Final Volume of Joseph Smith Papers Published, Completing Monumental Historical Work
SALT LAKE CITY—Today, the Church Historian’s Press released the final print volume in its landmark 27-volume work, The Joseph Smith Papers, which commenced in June 2001. The project brings together Joseph Smith’s surviving papers, including the foundational documents of The Church of Jesus Christ of Latter-day Saints, into an easily accessible collection. The comprehensive collection, available online and in print, includes complete transcriptions, helpful introductions, annotations, and extensive reference material.
The culmination of the print edition now completes an essential resource for scholars and students of Smith’s life and work, early Latter-day Saint history, and American history and religion.
Joseph Smith, the first president and prophet of the church, lived from 1805 to 1844. He left an extensive literary record that provides a fascinating window into the early days of the church he founded. Principal documents featured in the 27 volumes include 1,306 journal entries, 643 letters, and 155 revelations.
Philanthropists and business leaders Gail Miller and her late husband, Larry Miller, recognized the importance of the Joseph Smith Papers Project early on and supported the legacy project for a period of more than 20 years. With the Millers’ generous donations, the church engaged an experienced team, including PhD-educated historians and professional editors, to research, gather, compile, and publish the Joseph Smith Papers. “This project has produced the most authoritative, comprehensive, and reliable source available on the subject of Joseph Smith and the history of The Church of Jesus Christ of Latter-day Saints,” Gail Miller said. Larry professed, “Billions will know Brother Joseph again” with the publication of these volumes.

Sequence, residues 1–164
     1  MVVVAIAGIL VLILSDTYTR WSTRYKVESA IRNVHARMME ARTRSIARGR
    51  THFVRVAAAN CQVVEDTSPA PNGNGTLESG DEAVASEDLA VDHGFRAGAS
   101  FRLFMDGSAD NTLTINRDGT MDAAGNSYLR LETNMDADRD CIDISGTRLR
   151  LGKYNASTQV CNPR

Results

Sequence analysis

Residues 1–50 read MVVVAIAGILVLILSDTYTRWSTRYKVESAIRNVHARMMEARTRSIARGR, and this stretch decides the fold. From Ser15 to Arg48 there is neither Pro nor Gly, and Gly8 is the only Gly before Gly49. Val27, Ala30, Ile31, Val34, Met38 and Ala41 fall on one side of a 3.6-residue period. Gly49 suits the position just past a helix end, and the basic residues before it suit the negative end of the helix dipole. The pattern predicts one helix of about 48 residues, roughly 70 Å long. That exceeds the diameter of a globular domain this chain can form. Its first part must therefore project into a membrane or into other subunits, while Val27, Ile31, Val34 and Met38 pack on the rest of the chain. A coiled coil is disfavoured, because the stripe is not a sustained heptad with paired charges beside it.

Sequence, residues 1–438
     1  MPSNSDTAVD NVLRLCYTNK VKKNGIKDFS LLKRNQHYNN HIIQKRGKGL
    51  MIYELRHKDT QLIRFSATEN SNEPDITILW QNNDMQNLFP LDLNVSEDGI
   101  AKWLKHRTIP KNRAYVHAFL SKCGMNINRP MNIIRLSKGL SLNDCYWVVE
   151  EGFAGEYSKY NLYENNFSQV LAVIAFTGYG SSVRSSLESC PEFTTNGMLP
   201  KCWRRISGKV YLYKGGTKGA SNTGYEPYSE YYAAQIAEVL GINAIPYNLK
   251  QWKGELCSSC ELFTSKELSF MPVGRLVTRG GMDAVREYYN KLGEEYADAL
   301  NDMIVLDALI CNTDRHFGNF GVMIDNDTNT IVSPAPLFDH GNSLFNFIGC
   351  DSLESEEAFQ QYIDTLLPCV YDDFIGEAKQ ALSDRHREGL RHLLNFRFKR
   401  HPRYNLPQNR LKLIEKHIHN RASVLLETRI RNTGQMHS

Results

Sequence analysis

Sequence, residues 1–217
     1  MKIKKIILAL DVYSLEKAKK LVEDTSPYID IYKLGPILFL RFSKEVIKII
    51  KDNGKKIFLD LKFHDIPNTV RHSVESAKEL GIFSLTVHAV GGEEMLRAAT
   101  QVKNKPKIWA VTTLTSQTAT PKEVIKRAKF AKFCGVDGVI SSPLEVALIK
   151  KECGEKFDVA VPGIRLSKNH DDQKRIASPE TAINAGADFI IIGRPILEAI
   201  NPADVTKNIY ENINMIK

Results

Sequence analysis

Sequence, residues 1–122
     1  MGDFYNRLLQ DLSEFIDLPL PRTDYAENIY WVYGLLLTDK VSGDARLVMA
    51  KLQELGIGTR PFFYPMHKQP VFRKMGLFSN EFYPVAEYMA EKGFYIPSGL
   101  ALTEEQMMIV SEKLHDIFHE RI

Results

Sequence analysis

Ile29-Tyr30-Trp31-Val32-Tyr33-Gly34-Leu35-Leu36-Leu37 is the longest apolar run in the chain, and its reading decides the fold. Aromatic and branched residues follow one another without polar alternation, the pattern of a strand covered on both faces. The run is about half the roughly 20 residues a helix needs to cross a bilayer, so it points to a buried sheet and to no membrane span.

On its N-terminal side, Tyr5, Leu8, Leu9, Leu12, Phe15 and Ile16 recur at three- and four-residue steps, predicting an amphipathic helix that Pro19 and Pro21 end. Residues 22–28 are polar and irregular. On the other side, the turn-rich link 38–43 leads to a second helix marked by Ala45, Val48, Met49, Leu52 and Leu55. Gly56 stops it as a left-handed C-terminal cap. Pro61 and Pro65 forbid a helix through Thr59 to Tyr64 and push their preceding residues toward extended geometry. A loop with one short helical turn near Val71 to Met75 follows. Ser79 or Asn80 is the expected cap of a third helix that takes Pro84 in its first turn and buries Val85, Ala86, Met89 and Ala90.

The Church of Jesus Christ of Latter-day Saints has been praised for its commitment to historical transparency with this project. Laurel Thatcher Ulrich, a Pulitzer Prize winner in history and the 300th Anniversary University Professor, Emerita, at Harvard University, asserts: “The church didn’t want to hide anything about Joseph Smith. They felt confident that if the actual records, the primary sources, were available, responsible scholars would consult them.”
Additionally, the scholarly approach in these volumes was endorsed by the National Archives’ National Historical Publications and Records Commission as meeting the most rigorous criteria for documentary editing. Thomas P. Slaughter, Arthur R. Miller Professor of History at the University of Rochester, further noted: “The project’s high standards for documentary editing are complemented by maps, biographies, thorough historical introductions to the transcribed manuscripts, and stunningly detailed notes. This project remains the gold standard in the field of historical documentary editing.” Laurie Maffly-Kipp, Archer Alexander Distinguished Professor at the John C. Danforth Center on Religion and Politics, Washington University in St. Louis, observed: “The level of scholarship is outstanding in the Joseph Smith Papers Project. I have been astounded by the thoroughness of the editing process and the painstaking ways in which the scholars have annotated the text and added clarification here and there where it was needed. I would say it ranks with the best kinds of scholarly sources I’ve seen.”
The final volume to be released, Documents Volume 15, covers the tumultuous final six weeks of Joseph Smith’s life and the events leading to his murder at Carthage, Illinois. It features 105 documents, including his correspondence, accounts of his discourses, administrative minutes, municipal documents, military orders, and legal papers.
R. Eric Smith, a general editor of the Joseph Smith Papers, declared: “The Joseph Smith papers are completely priceless. There’s no way of measuring their value. The papers are our sacred history. They’re the history of where we came from as a people.”
In addition to the printed volumes, the project makes all its resources available for free on its website, josephsmithpapers.org.